BERLIN — A bill allowing a suspect who makes a bomb threat or threat of toxic substances to be charged in the jurisdiction where the threat was targeted breezed through the House this week by a unanimous vote.
Under current state law, an individual who makes a bomb threat or a threat involving a toxic material against a business, residence or government office or courthouse, for example, can only be charged in the jurisdiction where the threat originated and not in the jurisdiction where the threat was aimed. In an era of prolific cellular phones and other electronic devices, it is often not easily discernible from whence the threat originated and those who make bomb threats often go unpunished. However, House Bill 234 would allow prosecutors to charge individuals who make threats to be charged in the jurisdictions where the threats occur and not just from whence they originated.
“This bill simply allows law enforcement to charge individuals who make bomb threats, for whatever reason, where the threat was made or the location that the subject of the threat,” said Delegate Mike McDermott (R-38B), who introduced the bill.. “So, if an individual threatens a business in Worcester County, but the call comes from Anne Arundel County, law enforcement can charge that individual in Worcester County.”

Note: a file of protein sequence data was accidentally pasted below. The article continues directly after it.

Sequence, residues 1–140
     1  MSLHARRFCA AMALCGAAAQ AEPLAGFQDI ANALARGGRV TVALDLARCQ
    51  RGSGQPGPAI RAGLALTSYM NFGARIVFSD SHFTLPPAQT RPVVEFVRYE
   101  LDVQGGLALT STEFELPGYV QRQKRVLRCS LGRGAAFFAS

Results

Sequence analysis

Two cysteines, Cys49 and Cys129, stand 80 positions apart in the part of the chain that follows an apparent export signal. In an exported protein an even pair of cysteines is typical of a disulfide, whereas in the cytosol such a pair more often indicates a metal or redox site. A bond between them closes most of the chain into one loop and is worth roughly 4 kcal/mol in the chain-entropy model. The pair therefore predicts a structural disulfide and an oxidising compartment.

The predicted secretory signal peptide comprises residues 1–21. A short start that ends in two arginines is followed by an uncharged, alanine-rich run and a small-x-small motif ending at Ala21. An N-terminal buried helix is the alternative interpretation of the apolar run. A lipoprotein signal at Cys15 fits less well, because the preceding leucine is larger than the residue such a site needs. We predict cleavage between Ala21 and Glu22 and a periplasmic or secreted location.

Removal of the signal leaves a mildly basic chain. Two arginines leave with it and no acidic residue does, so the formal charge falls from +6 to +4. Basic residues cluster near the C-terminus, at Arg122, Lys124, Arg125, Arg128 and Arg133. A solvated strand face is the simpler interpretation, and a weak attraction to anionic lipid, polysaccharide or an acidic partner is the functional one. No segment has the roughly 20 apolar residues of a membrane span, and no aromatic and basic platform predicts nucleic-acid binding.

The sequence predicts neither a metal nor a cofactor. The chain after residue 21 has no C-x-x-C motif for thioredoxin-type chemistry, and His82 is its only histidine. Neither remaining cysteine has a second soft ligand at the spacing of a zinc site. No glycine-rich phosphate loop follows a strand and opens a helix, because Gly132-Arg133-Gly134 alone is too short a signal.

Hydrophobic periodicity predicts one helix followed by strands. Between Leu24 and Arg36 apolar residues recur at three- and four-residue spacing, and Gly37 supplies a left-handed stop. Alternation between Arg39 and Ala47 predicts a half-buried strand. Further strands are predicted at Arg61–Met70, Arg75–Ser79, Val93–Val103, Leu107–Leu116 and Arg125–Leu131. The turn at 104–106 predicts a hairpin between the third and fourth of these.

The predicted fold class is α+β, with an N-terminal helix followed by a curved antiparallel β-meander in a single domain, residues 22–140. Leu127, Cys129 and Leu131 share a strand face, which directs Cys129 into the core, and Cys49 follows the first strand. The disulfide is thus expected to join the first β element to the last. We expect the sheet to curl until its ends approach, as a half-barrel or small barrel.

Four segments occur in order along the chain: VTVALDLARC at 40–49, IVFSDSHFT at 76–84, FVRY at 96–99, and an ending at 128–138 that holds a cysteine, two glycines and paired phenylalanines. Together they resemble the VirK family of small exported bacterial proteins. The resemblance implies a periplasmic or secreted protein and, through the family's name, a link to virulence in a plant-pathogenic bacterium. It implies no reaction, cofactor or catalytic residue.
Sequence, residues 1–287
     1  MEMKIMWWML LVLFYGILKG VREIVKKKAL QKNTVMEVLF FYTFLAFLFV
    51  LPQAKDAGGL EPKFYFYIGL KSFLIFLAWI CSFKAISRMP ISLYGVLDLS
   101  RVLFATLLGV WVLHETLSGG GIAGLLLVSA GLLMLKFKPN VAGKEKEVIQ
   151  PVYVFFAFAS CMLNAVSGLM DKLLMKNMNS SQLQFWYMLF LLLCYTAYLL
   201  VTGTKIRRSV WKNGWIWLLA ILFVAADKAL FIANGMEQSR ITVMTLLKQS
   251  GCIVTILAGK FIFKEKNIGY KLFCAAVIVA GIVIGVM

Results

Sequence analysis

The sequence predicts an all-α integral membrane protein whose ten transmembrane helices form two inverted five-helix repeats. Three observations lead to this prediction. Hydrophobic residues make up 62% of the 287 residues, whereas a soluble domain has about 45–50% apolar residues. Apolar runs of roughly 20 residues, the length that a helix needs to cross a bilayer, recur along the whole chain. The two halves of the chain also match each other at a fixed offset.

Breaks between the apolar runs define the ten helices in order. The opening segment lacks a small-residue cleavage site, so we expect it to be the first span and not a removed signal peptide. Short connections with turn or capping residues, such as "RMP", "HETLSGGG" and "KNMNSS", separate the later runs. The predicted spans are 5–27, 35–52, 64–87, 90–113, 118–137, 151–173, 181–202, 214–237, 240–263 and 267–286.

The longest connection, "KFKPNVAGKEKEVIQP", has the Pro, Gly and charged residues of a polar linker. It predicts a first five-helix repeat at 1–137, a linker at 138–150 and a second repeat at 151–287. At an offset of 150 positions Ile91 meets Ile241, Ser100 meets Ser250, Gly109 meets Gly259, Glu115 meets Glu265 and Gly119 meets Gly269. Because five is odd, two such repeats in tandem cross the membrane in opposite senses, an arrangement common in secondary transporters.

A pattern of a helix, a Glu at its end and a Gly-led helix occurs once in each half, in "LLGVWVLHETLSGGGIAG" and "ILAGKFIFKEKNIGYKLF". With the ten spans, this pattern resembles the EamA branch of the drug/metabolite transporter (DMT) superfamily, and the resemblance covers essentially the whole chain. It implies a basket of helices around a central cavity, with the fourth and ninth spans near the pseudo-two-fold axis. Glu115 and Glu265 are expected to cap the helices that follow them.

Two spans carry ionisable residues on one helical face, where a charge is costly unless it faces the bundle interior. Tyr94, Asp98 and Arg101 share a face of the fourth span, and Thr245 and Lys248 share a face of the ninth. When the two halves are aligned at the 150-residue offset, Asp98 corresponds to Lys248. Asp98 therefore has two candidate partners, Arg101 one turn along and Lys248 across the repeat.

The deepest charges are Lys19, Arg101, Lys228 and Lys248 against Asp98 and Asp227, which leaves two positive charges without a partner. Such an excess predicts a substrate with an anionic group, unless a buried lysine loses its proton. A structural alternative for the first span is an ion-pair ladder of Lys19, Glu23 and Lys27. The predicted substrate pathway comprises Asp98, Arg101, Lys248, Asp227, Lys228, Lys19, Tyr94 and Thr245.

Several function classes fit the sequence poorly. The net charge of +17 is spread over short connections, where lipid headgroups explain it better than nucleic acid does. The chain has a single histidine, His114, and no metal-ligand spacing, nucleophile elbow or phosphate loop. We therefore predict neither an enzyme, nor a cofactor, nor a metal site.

In this example, if the legislation is approved, the suspect could be charged in Worcester, not only in Anne Arundel where the threat originated. At the bill’s hearing this week, McDermott testified current Maryland law prevents that type of action.
“House Bill 234 allows law enforcement to charge the individual who made the threat in either the county were the call was made or the county where the bomb was suspected to be if, for any reason, the two actions took place in different venues,” said McDermott. “In the age of cellular communications, establishing an exact location for charging purposes can be difficult to determine.”
While bomb threats and other threats are not common in Worcester and on the Lower Shore, there have been a handful of cases in recent years. In late February, a suspicious package containing an unknown white powder was delivered to the Somerset County Health Department, but it was determined not to be toxic. In September 2012, the Wal-Mart in Berlin received a bomb threat and the store was evacuated on a busy night, but bomb-sniffing dogs turned up nothing. In April 2011, Showell Elementary was evacuated after a bomb threat was called into the school, but a search of the facility revealed the threat was empty.